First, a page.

Dr. Nupen has worked on research projects investigating various aspects of marine ecology, mammalian diversity, avian biology, frog and reptile population dynamics, and the floral and faunal rehabilitation of disturbed areas. Her current work focuses on conservation breeding, wildlife diseases in birds and mammals, conservation genomics and phylogeograophy.
Dr. Nupen’s passion is conducting research that contributes to conservation efforts and protecting the environment. At OTS she can feed this passion by participating in a wide range of research projects while training future conservation leaders. The rich animal and plant diversity of the ecosystems that we visit during the OTS African Ecology and Conservation (AEC) Programme provide wonderful teaching opportunities that are not usually available in traditional university settings.
She finds it rewarding to help students build an authentic appreciation of the complexity of African ecosystems, and believes that students find great satisfaction in learning about African Ecology. This extends to understanding the challenges of implementing effective conservation measures in the southern African sub-region and learning how to problem-solve using evidence-based approaches. Dr. Nupen loves being outdoors and finds the study of nature to be an inspiring and endlessly fascinating pursuit. She believes strongly that OTS’ AEC program provides a range of skills that will allow students to make informed choices and make valuable contributions to society and conservation in whatever field they choose.
Program: African Ecology and Conservation, South Africa
Sofia Rodríguez-Brenes, Ph.D.
Ecology, Evolution, and Behavior, The University of Texas at Austin
Sofía studied biology at the University of Costa Rica, and earned a doctorate in ecology, evolution and behavior at The University of Texas at Austin. At UT Austin, she studied the spread of a devastating fungal pathogen (better known as chytrid or Bd) in populations of the túngara frog in Panamá, and how infections with this pathogen affect the frog’s behaviors and reproductive success. Her continuing research interests are at the intersection of animal behavior, sexual selection, and disease ecology, especially changes in behavior caused by disease. Sofia is also passionate about teaching, especially in the field. Throughout her career she has taught at high school and university level, in Spanish and English, and with organizations from Costa Rica, Mexico, and the United States. At OTS she coordinates the graduate course Tropical Biology: an Ecological Approach.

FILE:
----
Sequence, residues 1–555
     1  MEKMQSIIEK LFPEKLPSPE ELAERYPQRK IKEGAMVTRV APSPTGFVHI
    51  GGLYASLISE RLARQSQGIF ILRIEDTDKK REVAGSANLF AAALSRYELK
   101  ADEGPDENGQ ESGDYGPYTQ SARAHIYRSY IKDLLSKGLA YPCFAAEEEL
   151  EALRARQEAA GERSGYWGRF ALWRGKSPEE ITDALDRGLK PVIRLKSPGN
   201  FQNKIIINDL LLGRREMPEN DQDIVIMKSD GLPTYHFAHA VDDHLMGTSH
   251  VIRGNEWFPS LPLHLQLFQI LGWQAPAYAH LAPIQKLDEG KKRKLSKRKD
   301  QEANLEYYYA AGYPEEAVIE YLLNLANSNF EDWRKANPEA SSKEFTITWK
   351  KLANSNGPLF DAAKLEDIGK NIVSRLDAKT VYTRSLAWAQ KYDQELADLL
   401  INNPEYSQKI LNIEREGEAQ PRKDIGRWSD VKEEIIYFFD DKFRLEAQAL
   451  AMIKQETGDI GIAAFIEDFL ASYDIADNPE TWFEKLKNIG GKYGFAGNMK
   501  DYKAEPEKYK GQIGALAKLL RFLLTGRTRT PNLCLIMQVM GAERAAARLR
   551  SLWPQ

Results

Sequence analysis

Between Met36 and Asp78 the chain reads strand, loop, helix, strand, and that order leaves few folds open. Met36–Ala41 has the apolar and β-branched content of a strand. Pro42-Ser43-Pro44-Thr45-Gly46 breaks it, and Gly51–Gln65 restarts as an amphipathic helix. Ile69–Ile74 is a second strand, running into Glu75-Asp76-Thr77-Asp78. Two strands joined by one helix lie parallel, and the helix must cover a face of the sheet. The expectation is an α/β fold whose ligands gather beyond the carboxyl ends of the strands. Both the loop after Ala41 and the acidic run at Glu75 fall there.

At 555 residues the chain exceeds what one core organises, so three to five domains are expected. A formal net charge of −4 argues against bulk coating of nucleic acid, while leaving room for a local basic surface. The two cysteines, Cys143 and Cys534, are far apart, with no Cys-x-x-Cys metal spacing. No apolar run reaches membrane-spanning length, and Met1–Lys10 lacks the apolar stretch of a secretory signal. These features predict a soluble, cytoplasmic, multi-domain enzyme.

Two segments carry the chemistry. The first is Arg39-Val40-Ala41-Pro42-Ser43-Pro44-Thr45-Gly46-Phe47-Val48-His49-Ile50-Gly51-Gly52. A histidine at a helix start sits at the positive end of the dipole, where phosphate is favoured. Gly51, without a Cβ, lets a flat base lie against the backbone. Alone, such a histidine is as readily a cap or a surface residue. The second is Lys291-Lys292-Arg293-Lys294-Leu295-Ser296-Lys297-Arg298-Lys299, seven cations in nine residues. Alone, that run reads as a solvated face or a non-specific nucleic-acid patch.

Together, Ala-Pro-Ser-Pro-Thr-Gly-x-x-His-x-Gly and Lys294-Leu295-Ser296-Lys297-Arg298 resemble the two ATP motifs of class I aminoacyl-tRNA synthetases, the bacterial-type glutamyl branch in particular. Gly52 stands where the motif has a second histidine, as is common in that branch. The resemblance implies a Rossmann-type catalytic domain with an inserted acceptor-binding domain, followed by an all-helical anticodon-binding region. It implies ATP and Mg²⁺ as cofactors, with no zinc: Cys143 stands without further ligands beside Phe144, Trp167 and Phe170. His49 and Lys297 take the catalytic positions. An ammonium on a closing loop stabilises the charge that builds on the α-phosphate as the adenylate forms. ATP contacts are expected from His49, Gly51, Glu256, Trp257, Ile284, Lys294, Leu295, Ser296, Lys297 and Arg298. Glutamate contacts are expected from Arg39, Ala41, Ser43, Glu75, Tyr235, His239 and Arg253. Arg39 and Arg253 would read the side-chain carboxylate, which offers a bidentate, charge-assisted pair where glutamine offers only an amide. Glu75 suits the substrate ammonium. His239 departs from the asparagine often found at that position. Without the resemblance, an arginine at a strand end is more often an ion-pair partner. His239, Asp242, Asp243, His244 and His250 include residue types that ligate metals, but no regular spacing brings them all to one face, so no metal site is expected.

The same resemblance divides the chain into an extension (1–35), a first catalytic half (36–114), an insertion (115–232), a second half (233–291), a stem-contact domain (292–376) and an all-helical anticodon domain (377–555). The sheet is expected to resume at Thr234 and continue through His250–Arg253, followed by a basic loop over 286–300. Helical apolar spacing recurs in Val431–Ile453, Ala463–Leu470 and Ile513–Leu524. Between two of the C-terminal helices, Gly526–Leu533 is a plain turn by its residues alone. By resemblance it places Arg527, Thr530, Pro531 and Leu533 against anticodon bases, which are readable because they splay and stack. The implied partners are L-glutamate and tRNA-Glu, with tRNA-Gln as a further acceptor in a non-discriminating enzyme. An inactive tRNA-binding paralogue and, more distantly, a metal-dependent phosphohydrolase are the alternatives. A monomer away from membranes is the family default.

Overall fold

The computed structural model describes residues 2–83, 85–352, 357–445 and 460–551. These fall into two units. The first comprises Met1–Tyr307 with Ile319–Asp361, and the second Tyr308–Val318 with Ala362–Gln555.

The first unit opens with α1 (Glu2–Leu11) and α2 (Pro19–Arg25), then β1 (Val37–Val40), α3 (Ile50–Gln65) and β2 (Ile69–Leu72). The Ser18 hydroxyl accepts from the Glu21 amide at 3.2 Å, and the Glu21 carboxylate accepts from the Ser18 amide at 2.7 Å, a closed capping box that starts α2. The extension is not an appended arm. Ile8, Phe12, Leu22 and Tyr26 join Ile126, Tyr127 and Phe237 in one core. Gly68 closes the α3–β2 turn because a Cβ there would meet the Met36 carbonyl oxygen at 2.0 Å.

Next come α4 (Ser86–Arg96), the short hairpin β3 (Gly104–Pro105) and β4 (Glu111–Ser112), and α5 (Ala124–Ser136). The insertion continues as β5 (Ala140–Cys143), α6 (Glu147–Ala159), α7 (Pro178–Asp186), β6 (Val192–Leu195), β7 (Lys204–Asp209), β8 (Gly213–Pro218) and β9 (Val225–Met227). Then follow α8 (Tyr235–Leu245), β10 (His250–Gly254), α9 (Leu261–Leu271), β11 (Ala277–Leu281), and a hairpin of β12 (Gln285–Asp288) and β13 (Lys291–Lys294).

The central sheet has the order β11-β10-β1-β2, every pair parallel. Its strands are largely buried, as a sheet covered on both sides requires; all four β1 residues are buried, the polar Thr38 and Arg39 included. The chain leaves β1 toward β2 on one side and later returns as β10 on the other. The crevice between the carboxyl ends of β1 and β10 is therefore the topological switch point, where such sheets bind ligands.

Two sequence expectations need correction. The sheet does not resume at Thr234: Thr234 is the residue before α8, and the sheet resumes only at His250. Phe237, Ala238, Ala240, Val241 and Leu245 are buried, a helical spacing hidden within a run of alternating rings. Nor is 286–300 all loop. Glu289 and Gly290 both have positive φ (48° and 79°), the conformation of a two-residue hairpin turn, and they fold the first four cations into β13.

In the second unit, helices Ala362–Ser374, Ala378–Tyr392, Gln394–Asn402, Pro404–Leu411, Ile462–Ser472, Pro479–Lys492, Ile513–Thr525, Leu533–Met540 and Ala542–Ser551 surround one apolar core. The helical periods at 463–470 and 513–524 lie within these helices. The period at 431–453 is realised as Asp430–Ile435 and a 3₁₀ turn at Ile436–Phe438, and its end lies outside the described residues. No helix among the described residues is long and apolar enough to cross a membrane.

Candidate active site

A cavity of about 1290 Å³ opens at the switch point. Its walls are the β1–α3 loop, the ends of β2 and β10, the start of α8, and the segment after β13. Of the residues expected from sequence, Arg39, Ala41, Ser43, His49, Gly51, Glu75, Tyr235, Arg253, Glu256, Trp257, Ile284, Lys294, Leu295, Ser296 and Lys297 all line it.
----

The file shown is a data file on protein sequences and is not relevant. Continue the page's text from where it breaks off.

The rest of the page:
Fernando Soley, Ph.D.
Ph.D. Macquarie University, Sydney, Australia
Fernando studied Biology at the University of Costa Rica, and then specialized in Animal Behavior in Australia. Currently, Fernando is investigating the morphology and behavior adaptations of different insects in Costa Rica and Australia, and serves as an interim professor at the School of Biology of the University of Costa Rica, teaching courses in the area of Evolution and Zoology. Fernando has participated in the field courses with the OTS since 2014.
Jenny Stynoski, Ph.D.
Ph.D., University of Miami
Jenny Stynoski studies the evolutionary development and behavior of poisonous frogs and toads in Central and South America using chemical, ecological and genomics approaches. She is a research professor at the University of Costa Rica with joint appointments at the Instituto Clodomiro Picado and the Schools of Animal Science and Biology. Jenny has been teaching field courses with OTS in Costa Rica since 2009.
James E. Watkins, Jr., M.S., Ph.D., FLS
Ph.D., University of Florida
James (Eddie) Watkins is co-coordinator and will be with the course for its duration. He is an Associate Professor of Biology at Colgate University where he also directs the Center for Learning, Teaching, and Research. Eddie’s main interest is the ecology and physiology of ferns, specifically of the gametophyte generation. He has published dozens of papers on functional ecology of ferns across temperate and tropical regions. Eddie has worked in Costa Rica for over two decades and has served as a resource person for the OTS Tropical Plant Systematics and Tropical Ecology courses. He has also co-coordinated all four of the OTS Tropical Ferns and Lycophytes courses with Robbin Moran. You can view Eddie’s website at https://eddiewatkins.com/.
Amanda Wendt, Ph.D.
Ph.D., University of Connecticut
Amanda is the Education and Research Liaison at La Selva Research Station. She earned her Ph.D. at the University of Connecticut, where she studied tropical forest regeneration and ecology. She has also worked extensively as a researcher, professor and educator, restoration project manager, conservation professional, land manager, and mentor. Prior to joining OTS, Amanda directed a wildlife refuge in Sarapiquí, the province in which OTS’ La Selva research station resides.
Amanda’s interests include forest landscape restoration, integrated landscape management, plant-animal interactions (especially mammals and seed dispersal), patterns of seedling regeneration, forest disturbance, resilience, and how ecosystem health affects human well-being. She volunteers in Costa Rica with the Biodiversity Partnership Mesoamerica, San Juan-La Selva Biological Corridor, and Sarapiquí Conservation Learning Center.
Program/Course: Tropical Biology, Costa Rica